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The Truth Behind 5 Common Fetal Heart Monitor Myths

If you haven’t used a fetal doppler yet, you may be turned off after reading one of the many myths about the device.

Fetal dopplers have different purposes for different women. Some moms-to-be find that it helps them control their anxiety, while others simply enjoy sharing the bonding experience of hearing their baby’s heartbeat.

The key to having positive fetal heart monitor experiences is to train yourself to use it properly. In this post, we’ll dispel 5 common myths and teach you what you need to know to use the device property.

 

What Is A Fetal Doppler/Fetal Heart Monitor

A fetal doppler is a handheld device that’s used to hear a baby’s heartbeat while she’s inside the womb, similar to an ultrasound. Originally, it was only used by medical professionals such as doctors and midwives. Today, it’s sold to the general public without a prescription.

They range in price from $20 to $60+, depending on which model you choose.

If you’ve never heard of fetal dopplers before, you may also find the following posts helpful:

 

Myth #1: Doppler Are Hard to Use & You Need to Be Trained

Some people believe that fetal dopplers are difficult to use and should be reserved for trained professionals, such as doctors or midwives.

Here’s the reality: The process of using a fetal doppler is pretty simple. Learning how to recognize heartbeats is a skill that you’ll need to research and practice. Figuring out what a heartbeat means and diagnosing a problem should be left to a medical professional.

In terms of using the device, the process isn’t difficult to get the hang of:

  1. Consider using the device on a full-bladder in the morning (when you’re less bloated). This can make it easier to hear a heartbeat.
  2. Lie down and apply a blob of ultrasound gel on your lower abdomen.
  3. Place the doppler probe in the gel and turn the device on.
  4. Start from your pubic bone and glide the probe upwards. Slide the probe with a rocking motion to see if you can detect a heartbeat.
  5. For more detailed instructions and tips, read our post How to Use a Fetal Doppler – The Proper Way.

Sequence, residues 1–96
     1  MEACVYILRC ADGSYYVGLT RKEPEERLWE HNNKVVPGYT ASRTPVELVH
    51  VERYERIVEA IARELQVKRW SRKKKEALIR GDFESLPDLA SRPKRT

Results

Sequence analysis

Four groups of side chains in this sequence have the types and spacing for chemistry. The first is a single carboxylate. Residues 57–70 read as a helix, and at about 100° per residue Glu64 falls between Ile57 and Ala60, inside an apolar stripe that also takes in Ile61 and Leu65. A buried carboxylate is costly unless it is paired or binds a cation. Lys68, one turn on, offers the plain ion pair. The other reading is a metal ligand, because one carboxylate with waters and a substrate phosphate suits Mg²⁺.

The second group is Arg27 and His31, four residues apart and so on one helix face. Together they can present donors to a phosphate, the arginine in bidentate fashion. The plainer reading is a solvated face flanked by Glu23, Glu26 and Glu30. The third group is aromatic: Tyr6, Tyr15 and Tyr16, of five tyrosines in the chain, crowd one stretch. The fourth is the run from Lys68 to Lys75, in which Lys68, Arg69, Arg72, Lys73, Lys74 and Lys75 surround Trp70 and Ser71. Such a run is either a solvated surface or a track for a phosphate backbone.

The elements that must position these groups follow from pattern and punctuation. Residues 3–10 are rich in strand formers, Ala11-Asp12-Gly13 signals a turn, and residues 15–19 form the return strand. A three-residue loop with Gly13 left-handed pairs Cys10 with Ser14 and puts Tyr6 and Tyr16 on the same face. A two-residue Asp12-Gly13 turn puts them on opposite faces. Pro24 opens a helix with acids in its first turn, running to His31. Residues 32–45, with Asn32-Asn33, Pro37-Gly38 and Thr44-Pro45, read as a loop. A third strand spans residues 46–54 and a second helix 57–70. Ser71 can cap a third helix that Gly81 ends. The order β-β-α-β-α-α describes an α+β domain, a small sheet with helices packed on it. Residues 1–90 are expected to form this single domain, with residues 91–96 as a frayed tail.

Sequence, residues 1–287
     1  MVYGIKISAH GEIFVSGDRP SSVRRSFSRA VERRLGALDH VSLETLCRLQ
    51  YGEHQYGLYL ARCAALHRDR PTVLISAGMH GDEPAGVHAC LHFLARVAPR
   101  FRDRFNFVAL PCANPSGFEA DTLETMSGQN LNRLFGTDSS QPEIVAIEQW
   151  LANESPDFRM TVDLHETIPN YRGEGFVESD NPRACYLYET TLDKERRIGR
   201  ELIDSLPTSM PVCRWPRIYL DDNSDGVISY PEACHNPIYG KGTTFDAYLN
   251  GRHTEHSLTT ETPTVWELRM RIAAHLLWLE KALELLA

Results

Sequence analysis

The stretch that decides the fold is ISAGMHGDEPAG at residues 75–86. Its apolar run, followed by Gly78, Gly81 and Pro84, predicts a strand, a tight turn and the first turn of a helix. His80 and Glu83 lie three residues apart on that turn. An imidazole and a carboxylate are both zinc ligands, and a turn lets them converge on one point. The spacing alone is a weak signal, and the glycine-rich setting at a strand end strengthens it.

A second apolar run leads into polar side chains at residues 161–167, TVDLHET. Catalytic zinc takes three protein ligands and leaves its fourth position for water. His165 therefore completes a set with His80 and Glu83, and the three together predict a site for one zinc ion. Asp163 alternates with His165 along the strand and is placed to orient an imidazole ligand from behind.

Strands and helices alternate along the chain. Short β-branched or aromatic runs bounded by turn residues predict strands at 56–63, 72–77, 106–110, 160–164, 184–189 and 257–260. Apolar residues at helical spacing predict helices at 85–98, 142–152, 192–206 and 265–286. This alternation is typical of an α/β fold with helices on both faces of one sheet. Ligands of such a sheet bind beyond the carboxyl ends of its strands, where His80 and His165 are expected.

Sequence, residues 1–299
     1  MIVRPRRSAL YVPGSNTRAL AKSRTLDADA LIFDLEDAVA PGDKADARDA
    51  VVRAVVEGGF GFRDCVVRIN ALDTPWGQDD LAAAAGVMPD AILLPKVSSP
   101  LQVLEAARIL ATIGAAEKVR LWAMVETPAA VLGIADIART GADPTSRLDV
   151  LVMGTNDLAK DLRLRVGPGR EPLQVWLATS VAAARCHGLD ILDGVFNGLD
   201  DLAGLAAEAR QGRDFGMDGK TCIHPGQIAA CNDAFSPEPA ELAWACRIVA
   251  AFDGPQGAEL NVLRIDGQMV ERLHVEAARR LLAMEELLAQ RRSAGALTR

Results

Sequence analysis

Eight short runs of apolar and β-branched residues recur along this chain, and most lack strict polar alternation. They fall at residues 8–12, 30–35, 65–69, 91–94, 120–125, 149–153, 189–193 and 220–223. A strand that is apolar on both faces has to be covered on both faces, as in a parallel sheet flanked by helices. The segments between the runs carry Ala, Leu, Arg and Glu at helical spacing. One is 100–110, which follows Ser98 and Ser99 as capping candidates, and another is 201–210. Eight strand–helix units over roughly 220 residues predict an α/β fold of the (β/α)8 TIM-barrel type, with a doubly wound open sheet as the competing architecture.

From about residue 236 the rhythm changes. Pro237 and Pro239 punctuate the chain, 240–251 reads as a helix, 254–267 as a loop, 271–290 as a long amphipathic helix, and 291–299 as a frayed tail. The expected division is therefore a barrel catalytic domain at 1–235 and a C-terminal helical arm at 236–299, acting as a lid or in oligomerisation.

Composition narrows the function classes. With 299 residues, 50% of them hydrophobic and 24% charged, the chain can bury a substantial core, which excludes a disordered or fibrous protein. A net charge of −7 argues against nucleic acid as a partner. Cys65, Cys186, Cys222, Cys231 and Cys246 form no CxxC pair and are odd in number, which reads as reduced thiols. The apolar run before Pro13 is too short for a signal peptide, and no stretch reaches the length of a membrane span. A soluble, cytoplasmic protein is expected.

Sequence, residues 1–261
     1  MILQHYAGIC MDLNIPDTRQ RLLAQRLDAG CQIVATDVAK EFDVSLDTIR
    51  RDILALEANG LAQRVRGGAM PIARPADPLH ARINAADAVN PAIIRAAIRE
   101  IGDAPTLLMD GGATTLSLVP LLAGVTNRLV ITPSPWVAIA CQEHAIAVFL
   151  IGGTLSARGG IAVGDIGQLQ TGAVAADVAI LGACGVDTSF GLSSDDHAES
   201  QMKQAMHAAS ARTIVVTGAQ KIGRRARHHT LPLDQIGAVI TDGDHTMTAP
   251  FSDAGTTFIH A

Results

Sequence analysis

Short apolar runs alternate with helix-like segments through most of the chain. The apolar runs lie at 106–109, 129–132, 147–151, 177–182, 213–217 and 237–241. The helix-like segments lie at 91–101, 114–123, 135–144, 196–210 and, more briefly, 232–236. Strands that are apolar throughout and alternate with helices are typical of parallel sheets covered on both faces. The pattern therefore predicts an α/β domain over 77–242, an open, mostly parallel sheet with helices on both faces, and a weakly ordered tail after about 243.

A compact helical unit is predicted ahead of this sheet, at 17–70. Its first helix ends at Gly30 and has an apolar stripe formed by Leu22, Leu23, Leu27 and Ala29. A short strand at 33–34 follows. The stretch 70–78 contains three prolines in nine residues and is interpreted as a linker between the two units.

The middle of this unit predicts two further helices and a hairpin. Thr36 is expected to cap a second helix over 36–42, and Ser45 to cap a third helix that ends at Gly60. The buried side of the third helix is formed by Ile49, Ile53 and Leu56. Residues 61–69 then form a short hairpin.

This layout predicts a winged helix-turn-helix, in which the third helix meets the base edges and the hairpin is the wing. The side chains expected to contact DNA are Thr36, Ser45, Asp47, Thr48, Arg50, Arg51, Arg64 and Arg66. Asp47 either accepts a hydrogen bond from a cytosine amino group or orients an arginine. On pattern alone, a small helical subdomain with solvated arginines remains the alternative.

6. If you’re more of a visual learner, see our instructional video.

Later on in this post, we’ll cover the tips you need to know to discern which noise is your baby’s heartbeat.

In addition to providing the necessary resources, we have excellent customer service. If you have a question about the proper use of your doppler, you should email us at support@babydoppler.com or call us at 1-800-590-2767.

 

Myth #2: Fetal Dopplers Devices Aren’t Safe

One of the most common myths about fetal dopplers is that they aren’t safe to use. Some worry about how ultrasound waves will affect the baby and say that repeated use poses risks.

Diagnostic ultrasound has been used since the late 1950’s without any known adverse effects.

Although ultrasound machines and fetal dopplers use similar technologies, dopplers are significantly less powerful, meaning that they pose even less of a risk. The waves emitted by ultrasound machines are about 40 times higher.

Research hasn’t indicated any safety risk with ultrasound technology or fetal dopplers. In fact, the NHS recommends the use of a fetal heart monitor during labor (this would typically be done by your midwife).

Some people argue that fetal heart monitors are less safe because mothers continuously use the device as opposed to just during doctor’s appointments. Regardless of how often the device is used, there have been no known cases of negative side effects.

Don’t get us wrong: There’s several reasons why it may not be a good idea to use a doppler every hour or for extended periods of time. However, there is nothing unsafe about using it for a few minutes a few times a week. As the saying goes, everything in moderation.

To sum it up, fetal heart monitors themselves are safe, but the way a mother uses it is important. Here’s some tips for safely using an at-home doppler:

  • Only use it for a few minutes at a time (under 10 minutes per session)
  • Aim to only use it a few times a week
  • If you don’t hear a heartbeat, try again the next day. Do not continuously use the device hoping to detect a sound.